A moment of madness

By Adam Hicks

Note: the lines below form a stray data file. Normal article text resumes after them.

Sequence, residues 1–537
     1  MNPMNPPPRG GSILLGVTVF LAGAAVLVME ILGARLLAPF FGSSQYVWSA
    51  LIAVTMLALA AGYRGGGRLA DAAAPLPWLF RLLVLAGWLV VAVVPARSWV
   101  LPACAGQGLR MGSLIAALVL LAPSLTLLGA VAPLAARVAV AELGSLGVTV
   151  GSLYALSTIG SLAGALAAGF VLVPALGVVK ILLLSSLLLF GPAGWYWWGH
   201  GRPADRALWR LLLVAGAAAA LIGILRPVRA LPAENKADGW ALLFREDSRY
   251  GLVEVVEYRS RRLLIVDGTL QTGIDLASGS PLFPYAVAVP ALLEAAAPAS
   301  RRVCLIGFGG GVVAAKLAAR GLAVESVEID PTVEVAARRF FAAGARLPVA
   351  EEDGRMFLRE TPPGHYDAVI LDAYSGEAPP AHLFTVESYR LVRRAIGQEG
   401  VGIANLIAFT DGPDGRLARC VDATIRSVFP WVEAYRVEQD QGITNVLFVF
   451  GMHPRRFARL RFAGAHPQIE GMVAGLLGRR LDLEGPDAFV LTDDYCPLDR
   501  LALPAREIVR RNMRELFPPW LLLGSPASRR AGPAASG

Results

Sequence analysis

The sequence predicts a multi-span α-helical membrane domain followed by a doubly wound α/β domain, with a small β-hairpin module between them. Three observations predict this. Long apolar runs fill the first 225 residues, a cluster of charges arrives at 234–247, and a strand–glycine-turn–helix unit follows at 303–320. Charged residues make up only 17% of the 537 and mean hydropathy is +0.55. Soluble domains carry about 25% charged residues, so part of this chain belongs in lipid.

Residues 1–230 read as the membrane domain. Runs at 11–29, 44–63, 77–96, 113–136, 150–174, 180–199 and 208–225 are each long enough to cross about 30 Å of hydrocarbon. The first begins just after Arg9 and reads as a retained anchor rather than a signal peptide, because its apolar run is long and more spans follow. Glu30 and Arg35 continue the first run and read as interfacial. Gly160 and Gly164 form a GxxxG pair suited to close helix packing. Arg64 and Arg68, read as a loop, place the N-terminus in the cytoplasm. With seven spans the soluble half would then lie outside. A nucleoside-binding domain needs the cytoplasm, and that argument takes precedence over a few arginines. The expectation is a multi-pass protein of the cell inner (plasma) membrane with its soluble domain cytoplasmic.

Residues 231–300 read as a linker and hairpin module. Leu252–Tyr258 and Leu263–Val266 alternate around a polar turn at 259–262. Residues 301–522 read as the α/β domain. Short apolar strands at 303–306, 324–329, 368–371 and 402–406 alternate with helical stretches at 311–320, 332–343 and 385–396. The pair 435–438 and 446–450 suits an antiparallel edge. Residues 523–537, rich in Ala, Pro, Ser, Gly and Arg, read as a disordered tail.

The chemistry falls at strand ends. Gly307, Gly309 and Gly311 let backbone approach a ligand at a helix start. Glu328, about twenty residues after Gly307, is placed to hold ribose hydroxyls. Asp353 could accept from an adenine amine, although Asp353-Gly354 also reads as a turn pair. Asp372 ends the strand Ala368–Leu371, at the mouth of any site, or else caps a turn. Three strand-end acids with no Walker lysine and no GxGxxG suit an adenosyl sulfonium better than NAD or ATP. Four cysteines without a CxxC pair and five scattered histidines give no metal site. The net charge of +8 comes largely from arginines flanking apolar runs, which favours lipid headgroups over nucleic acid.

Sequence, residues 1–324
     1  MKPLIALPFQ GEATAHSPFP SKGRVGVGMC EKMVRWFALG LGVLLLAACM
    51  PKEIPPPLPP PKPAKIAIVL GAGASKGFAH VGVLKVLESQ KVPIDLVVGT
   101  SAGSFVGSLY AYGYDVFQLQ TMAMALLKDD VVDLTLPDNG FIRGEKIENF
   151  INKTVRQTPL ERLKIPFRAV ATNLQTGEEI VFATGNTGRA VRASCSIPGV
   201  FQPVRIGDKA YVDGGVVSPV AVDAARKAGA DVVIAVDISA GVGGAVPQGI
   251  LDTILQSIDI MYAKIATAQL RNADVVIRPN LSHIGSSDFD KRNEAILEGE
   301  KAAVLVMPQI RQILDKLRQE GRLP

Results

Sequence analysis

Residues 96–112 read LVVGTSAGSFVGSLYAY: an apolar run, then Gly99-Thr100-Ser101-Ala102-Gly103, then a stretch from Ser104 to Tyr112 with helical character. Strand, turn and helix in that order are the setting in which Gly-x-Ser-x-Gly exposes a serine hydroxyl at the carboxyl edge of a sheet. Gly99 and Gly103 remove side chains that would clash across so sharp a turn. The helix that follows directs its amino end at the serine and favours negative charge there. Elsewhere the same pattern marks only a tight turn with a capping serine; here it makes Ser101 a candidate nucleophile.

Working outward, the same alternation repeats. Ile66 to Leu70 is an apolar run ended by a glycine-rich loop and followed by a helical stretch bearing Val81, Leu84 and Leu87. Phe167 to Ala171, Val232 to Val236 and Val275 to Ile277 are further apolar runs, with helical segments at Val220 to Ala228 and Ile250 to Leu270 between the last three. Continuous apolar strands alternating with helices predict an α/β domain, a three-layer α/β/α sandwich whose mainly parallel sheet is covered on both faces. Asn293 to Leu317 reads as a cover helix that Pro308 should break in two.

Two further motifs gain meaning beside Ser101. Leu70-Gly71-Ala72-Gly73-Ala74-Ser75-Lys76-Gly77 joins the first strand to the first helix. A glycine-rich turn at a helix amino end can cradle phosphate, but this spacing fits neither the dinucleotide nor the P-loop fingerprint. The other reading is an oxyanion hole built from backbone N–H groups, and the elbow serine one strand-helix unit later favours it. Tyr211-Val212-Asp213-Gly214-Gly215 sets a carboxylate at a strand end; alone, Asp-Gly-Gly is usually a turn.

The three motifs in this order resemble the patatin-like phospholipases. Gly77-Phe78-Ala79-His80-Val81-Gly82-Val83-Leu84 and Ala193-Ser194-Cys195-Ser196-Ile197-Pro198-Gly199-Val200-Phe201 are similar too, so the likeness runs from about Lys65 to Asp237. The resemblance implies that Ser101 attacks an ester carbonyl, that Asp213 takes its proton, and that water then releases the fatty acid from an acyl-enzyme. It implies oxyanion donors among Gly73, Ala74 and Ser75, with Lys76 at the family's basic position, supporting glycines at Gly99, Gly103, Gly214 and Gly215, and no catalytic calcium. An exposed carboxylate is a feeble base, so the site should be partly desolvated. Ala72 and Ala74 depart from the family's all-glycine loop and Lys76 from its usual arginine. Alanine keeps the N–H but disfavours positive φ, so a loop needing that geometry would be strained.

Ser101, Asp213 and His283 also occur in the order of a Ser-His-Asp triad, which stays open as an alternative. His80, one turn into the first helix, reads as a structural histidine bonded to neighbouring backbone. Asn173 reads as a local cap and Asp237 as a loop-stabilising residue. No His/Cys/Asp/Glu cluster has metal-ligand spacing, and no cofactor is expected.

A MOMENT of madness from Jeff Nilon has tarnished his 30 years of contribution to Far North Coast soccer. Nilon has come forward and admitted he was the spectator that sprayed referee Luke Mackney with beer after Italo-Stars lost the FNC grand final 1-0 to Richmond Rovers. During the match Stars had two players red-carded while Rovers were awarded a penalty kick which, in the wash-up, helped decide the match. "Before I even left the ground I knew I was in the wrong," he said. "He's not a bad young fella, he didn't need that. I'm not out to say I didn't do it. "I have no defence except I've been in the game for so long and on that night passions overflowed." Football FNC last week handed Nilon a five-year ban for his actions. Three Stars' players were also handed stiff bans, while the club lost the right to host premier division home games in 2008, for incident in which Mackney was verbally abused and had a beer can thrown at him. Nilon said he wanted to offer a belated congratulations to Rovers on their premiership and to make amends for any damage he caused. "They already struggle to get referees and that sort of thing is not going to encourage new ones," Nilon said. "That's why I rang Luke, to apologise, and I told him it wasn't personal, not an attack on him. I told him to keep his head up and keep refereeing, we need him in the game." Nilon has been involved with local soccer since he ran out for the old Eastwood, now Workers, club as a five-year-old. He stayed with the club for 20 years and played premier division through the 1980s before moving to the Stars in the 1990s as a player and junior coach. "This is something I've never done before," he said. "I'll support the team and encourage them and shout like everyone else. "It's not like I've just come along and watched one game and gone silly ... I've been involved for 30 years." So why, after a life-time of positive input would he wash it away with an angry spray of beer foam? "That's a good question," Nilon said. "It was a brain snap. It was a big year for the Stars. "They put in the hard work all year, and when it comes down to one game and a couple of decisions, it sparked a couple of emotions that wouldn't normally come out. "It was just a rush of blood." Nilon said he was sorry for his actions. "A lot of people are going to say, 'What's he doing? He deserves what he got'," Nilon said. "I'm not trying to save face for myself. I'm not after brownie points. You've got to take your medicine. "Still the actions of a few shouldn't damage the whole club. Stars have been portrayed as a really bad club which they aren't, they are family orientated. "The home games are where they can make a few dollars selling drinks and food. They shouldn't be held responsible. We were all adults and should know better. "It's up to individuals how they react." Nilon is still considering if he will appeal against the ban at Tuesday's hearing.



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